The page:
Public sector IT programmes lack staff buy-in, according to a report from think-tank the Work Foundation.
IT's ability to underpin both choice and efficiency in public service makes it a key political weapon in the coming general election, and the government is investing heavily, with major IT initiatives in the NHS and the criminal justice system.
But researchers found marked disparities between the general public’s perception of major government IT projects and those of public sector staff.
On choice, a quarter of the general public said that having a range of options to access services was the most important element, but only 10% of public sector staff agreed, the Work Foundation said.
Public sector IT projects faced an uphill struggle against staff perceptions, the report said. "There is staff scepticism about the role ICT can play in improving public services. Media reports on large-scale IT projects in the public sector tend to be negative, and focus on the problems and ‘wasted’ money. Some projects do go badly wrong, such as the Child Support Agency’s IT system making payments to only one in eight single parents."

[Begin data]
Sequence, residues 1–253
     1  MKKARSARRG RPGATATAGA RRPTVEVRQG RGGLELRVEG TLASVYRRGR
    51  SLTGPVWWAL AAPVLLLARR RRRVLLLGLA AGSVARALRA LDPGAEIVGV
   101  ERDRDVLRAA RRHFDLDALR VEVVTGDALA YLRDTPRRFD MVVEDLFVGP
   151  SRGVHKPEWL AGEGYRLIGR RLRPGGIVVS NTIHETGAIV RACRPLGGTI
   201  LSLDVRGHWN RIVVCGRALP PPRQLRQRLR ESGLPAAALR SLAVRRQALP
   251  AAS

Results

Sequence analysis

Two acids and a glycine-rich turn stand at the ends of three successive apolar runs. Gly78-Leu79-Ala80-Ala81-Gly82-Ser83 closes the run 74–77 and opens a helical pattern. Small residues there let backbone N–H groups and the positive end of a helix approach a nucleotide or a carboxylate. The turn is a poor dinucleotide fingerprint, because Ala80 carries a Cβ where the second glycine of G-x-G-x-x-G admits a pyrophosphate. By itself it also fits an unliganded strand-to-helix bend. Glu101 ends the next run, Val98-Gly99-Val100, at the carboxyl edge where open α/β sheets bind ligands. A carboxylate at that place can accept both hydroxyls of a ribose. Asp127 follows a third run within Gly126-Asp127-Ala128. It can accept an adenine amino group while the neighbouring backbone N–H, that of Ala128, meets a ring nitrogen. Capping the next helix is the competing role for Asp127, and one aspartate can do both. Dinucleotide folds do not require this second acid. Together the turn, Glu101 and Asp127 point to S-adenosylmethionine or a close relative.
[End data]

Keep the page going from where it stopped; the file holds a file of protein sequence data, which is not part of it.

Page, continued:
Meanwhile successful projects went unrecognised, the report said.
Communicating effectively with staff, managing organisational change and creating a solid business case were among the other challenges facing public sector IT projects, it said.
The report recommended that managers should be more aware of how IT can help in their objectives and be able to communicate this to staff.
It also said there should be far more effective engagement with staff, getting them involved in designing technology and testing ways of working. Staff should also be able to see how their input helped to shape services.
Doctors’ bodies have been critical of the £6.2bn NHS IT programme because of its lack of engagement with staff.
The Work Foundation report comes at the same time as a CBI survey has found that 86% of business leaders believe that planned savings of £21.5bn, outlined in the Gershon efficiency review, will be missed, with only 4% saying they will be met.